6 Reasons To Believe The Accusations Against Kavanaugh

As The Washington Post and others have pointed out, Kavanaugh’s accuser is “remarkably credible.” 

Controversy surrounds the pending confirmation of Trump Supreme Court nominee Brett Kavanaugh in light of last week’s allegation of sexual misconduct by California professor Christine Blasey Ford.

At the very least, a full Senate vote is likely to be delayed. At worst, Kavanaugh’s confirmation could end up being derailed completely, leaving Republicans without the anticipated victory of padding the Supreme Court with another conservative justice before the crucial midterm elections.

The Washington Post reported on Sunday on the controversy:

Is Brett M. Kavanaugh’s Supreme Court nomination in danger now that a woman has publicly accused him of sexually assaulting her when the two were at a high school party decades ago? Maybe.

That’s not something we were willing to say at the end of last week. Then, the allegations were anonymous, taking shape in a mysterious letter that a top Senate Democrat referred to the FBI, and then in outlines of reporting in the New Yorker that Kavanaugh forced himself on a woman when he was in high school.

That changed Sunday, when Christine Blasey Ford came forward as the accuser, telling The Washington Post’s Emma Brown her story.

Continuing, The Washington Post reported that “Ford’s story is remarkably credible,” providing five reasons. CNBC provided a sixth reason to consider her accusations.

We have reformatted them into bullet points for clarity.

  1. Ford is speaking on the record about her experience.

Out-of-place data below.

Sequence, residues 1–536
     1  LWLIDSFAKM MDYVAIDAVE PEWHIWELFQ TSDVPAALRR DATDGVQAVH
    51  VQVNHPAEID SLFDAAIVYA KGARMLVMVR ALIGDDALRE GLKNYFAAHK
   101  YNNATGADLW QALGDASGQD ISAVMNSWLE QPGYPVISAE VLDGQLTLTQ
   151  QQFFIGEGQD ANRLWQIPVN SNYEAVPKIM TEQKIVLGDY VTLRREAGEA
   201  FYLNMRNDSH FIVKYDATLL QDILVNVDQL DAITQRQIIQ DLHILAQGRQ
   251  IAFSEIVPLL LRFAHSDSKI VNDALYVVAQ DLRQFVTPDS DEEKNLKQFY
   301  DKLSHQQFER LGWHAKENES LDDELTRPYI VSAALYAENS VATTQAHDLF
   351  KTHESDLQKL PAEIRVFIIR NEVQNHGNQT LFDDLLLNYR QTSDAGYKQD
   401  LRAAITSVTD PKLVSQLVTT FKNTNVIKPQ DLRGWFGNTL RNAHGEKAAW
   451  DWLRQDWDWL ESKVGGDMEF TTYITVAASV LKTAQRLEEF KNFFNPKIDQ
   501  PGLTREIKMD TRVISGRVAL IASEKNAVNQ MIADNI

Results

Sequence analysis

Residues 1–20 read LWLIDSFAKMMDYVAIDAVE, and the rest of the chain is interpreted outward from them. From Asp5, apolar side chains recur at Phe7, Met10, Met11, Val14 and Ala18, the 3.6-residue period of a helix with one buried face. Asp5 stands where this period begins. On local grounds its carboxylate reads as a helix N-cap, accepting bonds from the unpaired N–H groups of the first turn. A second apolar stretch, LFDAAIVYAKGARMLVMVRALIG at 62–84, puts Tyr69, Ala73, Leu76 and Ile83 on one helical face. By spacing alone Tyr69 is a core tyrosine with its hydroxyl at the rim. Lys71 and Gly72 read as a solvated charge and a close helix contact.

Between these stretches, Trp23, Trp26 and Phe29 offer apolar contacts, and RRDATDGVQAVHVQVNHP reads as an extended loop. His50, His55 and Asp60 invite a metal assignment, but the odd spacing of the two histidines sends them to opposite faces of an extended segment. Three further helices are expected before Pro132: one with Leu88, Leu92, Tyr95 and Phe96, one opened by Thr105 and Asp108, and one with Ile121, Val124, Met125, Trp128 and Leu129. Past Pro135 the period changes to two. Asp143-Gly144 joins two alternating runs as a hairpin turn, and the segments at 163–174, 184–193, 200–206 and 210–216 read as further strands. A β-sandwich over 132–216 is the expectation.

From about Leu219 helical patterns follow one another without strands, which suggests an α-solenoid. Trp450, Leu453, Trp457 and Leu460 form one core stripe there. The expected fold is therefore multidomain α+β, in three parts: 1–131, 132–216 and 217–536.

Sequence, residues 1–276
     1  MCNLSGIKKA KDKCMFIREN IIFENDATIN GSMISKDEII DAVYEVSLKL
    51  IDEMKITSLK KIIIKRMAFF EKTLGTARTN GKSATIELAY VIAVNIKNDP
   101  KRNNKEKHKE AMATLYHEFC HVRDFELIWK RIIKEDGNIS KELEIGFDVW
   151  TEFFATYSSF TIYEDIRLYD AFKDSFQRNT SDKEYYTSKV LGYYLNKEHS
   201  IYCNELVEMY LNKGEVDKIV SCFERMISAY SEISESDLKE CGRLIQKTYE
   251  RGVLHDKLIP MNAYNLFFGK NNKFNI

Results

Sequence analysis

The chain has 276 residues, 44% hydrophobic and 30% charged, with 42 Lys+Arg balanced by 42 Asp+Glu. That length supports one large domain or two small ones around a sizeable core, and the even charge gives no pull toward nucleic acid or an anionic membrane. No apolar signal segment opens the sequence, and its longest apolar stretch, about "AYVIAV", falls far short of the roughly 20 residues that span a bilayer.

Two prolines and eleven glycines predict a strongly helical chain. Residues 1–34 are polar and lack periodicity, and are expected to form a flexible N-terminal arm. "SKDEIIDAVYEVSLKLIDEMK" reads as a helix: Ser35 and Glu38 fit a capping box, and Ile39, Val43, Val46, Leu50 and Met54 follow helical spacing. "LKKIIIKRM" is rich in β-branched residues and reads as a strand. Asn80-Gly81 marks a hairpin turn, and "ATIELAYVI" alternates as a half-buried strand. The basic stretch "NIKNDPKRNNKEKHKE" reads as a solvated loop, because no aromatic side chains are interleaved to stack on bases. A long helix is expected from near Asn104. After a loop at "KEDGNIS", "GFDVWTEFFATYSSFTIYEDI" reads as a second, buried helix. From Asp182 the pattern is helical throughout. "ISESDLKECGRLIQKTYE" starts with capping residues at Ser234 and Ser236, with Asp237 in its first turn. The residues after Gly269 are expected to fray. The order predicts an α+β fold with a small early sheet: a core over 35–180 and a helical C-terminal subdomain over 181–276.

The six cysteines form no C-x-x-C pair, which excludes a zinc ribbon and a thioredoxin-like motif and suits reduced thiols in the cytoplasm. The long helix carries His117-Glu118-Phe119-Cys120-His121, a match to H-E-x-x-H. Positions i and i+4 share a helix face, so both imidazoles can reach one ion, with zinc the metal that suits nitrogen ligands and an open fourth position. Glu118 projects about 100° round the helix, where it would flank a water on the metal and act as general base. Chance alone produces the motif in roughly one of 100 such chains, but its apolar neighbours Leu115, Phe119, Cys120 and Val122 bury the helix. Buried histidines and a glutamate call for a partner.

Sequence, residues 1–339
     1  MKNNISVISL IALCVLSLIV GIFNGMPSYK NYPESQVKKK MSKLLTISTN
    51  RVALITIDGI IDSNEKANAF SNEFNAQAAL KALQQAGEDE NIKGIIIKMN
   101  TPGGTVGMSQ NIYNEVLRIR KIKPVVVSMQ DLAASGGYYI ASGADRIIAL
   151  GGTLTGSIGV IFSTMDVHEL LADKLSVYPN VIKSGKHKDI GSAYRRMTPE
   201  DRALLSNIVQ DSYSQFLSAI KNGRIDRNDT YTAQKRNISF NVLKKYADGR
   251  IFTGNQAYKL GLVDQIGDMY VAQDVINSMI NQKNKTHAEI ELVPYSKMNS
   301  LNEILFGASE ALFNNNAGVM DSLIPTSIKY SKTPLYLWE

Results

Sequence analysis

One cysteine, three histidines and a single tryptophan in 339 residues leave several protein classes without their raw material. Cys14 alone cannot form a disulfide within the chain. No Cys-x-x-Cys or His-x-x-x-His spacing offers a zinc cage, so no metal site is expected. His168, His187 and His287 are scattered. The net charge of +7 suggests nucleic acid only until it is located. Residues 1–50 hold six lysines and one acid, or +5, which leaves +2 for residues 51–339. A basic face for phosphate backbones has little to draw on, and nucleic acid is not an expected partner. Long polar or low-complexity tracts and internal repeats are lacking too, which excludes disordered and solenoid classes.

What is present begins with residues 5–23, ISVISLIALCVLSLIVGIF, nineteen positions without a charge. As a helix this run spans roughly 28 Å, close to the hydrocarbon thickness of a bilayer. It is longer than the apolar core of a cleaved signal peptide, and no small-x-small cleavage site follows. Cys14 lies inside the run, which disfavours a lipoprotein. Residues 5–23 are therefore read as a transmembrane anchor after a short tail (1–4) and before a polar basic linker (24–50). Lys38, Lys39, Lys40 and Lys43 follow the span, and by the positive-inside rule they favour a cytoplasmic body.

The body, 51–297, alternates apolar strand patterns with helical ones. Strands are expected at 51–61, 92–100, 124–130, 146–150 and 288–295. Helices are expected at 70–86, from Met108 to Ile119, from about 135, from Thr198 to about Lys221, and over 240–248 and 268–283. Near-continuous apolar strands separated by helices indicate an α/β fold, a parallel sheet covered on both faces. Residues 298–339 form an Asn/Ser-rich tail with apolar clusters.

2. She passed a polygraph test, the results of which The Post reviewed.
  3. She told other people about the alleged attack years before Kavanaugh was a Supreme Court nominee.
  4. She allowed her records from a therapy session about it to be reviewed by The Post.
  5. She says she didn’t want to come forward and decided to do so only after her story was leaked to news outlets.
  6. According to Ford’s lawyer, she is willing to publicly testify. Ford, 51, “will do whatever is necessary to make sure that the Senate Judiciary Committee has the full story and the full set of allegations to allow them to make a fully informed decision,” her lawyer, Debra Katz, told news outlets Monday.

As Liberals Unite reported on Monday, there are 5 reasons to believe that Kavanaugh’s confirmation is now in doubt, not the least of which is Ford’s credibility and willingness to testify publicly.

The other three reasons include: the fact that there are at last 3 Republican Senators speaking out against a fast vote on Kavanaugh; with the Senate split 51 to 49 it is increasingly likely that Republicans will not be able to get the votes to confirm Kavanagh. And with the changing times and the influence of the #MeToo Movement on such matters these days, there is every reason to believe the outcome this time will be much different than that of the 1991 confirmation of Clarence Thomas after law professor Anita Hill testified against him.


Samuel Warde
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